And who is the typical customer? She is a professional or businesswoman in her 20s or early 30s who dares not step off the career ladder during her most fertile years, or perhaps she hasn’t found a Mr. Right yet. There are other reasons, but a common conflict is between biological imperatives and social pressures. Employers are slowly recognizing this dilemma, but the answer they provide (if any) is technology instead of a better deal for women’s careers. Consequently, the average age of motherhood is rising, and already passes 30 at the birth of the first child in several countries. Men are luckier, although fresh mutations are more common in older sperm.
What price would you pay for a child of your own? There’s the nub of it. Fertility treatment involving IVF is unaffordable by most couples on low incomes, and those who can afford egg banking to delay family-building are investing in uncertainty. As this is a new technology there are very few centers with enough data to provide a reliable estimate of the chances of pregnancy with banked eggs. A British authority (HFEA) reported that up to 2012 there were only 20 babies born from 160 treatment cycles, and the US registry (SART) announced 162 live births in 2014, a success rate of 1 in 5 cycles. We await updates.
Success can never be assured. Since the chances with one batch of eggs are unlikely to be high, multiple rounds of treatment (i.e., more eggs) are required, and preferably collected at very young adult ages. Can you think of another product costing as much with so little security? Would you buy a new car or boat from a dealer without a guarantee? Would you dare commit thousands of dollars to a lottery? The reason that people will spend so much on fertility services, even taking out large loans or remortgaging their home, is because having a baby is a life event. Nothing compares with it.
This cautious post may seem surprising from someone who spent his whole career in reproductive technology and biology. Egg freezing is, of course, a wonderful breakthrough which I welcome unreservedly for patients needing emergency fertility preservation, but to others I say let the buyer beware.
Our dear friend and mentor died today in Norfolk after a short illness. Lucinda and I were able to exchange a few words and smiles with him in the hospital yesterday. He asked how our children are doing—so typical of him.
Howard Jones will be remembered as one of the “Greats” of American medicine because of his pioneering work in reproductive surgery and in vitro fertilization (IVF). He was an inspirational figure for his students and fellows and beloved by everyone who knew him. He had a wonderful blend of humanity, dignity and generosity of heart. Modest and conservative in his own habits, he was indefatigable at work, progressive in outlook and a charismatic speaker. His laugh was infectious.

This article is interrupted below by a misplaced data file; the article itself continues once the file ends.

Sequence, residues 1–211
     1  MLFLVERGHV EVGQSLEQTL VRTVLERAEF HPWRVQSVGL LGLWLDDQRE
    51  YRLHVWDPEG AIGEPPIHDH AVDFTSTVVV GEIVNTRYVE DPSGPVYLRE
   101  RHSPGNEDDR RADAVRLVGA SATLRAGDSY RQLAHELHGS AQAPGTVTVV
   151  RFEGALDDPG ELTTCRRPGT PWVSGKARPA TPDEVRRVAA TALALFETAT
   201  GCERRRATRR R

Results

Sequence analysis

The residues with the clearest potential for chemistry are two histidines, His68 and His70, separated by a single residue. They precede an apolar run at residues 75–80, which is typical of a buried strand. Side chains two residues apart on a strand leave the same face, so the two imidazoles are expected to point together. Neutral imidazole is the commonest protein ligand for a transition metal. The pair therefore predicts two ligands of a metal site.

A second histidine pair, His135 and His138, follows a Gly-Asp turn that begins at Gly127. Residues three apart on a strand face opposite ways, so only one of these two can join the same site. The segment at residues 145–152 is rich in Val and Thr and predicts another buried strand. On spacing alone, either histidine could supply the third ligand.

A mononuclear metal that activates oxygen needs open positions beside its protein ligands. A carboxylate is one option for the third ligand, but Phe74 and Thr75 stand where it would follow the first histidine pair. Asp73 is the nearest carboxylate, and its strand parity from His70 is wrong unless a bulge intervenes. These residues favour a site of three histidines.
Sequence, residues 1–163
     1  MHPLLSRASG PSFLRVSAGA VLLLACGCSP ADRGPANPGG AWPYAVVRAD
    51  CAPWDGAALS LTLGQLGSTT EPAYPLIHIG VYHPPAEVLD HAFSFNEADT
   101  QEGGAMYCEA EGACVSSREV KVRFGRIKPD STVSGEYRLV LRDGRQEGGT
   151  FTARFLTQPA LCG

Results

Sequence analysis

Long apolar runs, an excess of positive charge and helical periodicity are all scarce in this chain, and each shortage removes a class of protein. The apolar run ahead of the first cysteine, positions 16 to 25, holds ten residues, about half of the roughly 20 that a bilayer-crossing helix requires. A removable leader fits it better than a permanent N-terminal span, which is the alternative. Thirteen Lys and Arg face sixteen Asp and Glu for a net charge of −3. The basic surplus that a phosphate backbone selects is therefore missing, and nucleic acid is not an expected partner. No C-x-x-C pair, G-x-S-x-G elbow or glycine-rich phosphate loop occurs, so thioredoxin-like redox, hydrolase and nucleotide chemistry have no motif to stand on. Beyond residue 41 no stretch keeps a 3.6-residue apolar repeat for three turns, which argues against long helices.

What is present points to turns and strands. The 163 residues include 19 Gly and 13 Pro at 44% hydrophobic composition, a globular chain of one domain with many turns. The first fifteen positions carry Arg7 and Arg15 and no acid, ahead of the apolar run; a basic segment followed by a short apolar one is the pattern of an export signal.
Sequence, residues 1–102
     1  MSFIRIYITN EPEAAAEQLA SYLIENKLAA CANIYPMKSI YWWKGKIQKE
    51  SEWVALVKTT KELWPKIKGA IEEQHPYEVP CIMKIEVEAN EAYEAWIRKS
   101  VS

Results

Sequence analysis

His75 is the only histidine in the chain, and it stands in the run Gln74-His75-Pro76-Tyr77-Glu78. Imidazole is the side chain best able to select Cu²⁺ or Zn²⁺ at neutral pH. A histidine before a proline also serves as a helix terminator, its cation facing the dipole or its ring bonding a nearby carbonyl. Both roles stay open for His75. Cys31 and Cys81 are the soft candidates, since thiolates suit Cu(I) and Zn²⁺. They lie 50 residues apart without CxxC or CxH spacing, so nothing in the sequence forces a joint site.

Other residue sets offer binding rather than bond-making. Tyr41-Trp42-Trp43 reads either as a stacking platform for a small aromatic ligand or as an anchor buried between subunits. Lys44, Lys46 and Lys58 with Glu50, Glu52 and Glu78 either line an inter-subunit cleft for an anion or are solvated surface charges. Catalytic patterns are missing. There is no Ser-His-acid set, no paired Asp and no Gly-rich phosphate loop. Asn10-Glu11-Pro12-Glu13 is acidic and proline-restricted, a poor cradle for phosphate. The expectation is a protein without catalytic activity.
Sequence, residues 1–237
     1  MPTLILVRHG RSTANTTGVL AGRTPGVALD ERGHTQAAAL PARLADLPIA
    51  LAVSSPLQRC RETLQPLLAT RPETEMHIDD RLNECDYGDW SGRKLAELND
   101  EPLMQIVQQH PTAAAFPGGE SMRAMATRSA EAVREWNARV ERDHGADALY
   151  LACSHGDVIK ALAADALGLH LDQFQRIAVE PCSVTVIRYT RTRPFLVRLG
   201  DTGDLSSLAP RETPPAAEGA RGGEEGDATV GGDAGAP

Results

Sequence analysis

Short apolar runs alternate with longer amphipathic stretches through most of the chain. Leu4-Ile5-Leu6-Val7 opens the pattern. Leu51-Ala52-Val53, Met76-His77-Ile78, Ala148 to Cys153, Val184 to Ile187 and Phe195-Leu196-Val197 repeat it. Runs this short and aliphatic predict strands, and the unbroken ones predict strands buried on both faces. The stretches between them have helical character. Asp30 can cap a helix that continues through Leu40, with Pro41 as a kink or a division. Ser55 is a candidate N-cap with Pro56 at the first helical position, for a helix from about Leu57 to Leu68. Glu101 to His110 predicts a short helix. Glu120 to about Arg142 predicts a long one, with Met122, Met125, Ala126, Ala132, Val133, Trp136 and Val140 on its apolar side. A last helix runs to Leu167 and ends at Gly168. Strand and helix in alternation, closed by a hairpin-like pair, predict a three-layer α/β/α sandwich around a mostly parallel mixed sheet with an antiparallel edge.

Some of this character and strength came from his matrimonial and professional partnership with Georgeanna Seegar Jones, a brilliant reproductive endocrinologist. They were a perfect team, sharing an office for most of their careers, co-editing books and journals, and co-supervising junior medical staff and research projects. He said they never had angry words.
Howard was born in Baltimore, Maryland, and graduated cum laude from Amherst College in 1931 and M.D. from Johns Hopkins University in 1935. After military service as a surgeon in France during World War II, he returned to Hopkins where he switched to gynecological surgery and was involved in developing cervical screening services (Pap test) and immortal cancer cells (HeLa cells) from Henrietta Lacks, who was his patient. He remained a surgeon and member of staff at Johns Hopkins until retirement age when they moved to Norfolk and created America’s first successful in vitro program.
When I asked him recently which breakthrough was most important in his career, he replied without hesitation: it was IVF because infertility had been a “great unsolved problem” and the technology has had “a big impact on society.” He became deeply engaged in the ethics of reproductive medicine as an author and committee chairman. Howard and Georgeanna were the sole American doctors invited to Rome in 1984 to advise the Holy See about the new reproductive technologies. I guess that IVF in America was lucky because a controversial technology would surely have drawn greater resistance if it had not been launched by a doctor duo looking like wise and kindly grandparents. Unfortunately, their powers of persuasion did not sway the Vatican, although Howard still hoped for change.
We expected he would lose heart after the death of his beloved Georgeanna in 2005, but he was soon back in his office and flourishing again. New books were published, lecture invitations were accepted when mobility allowed, and young researchers and visitors were welcomed. Work gave meaning and continuity to life, and resonated with memories of his English teacher at Amherst, who wrote:
The last time I heard him recite the poem was at a conference here in Williamsburg. He was then only 93 years old. We were blessed to have him for more than another decade until he fell ill last week shortly after finishing another book, titled Howard and Georgeanna.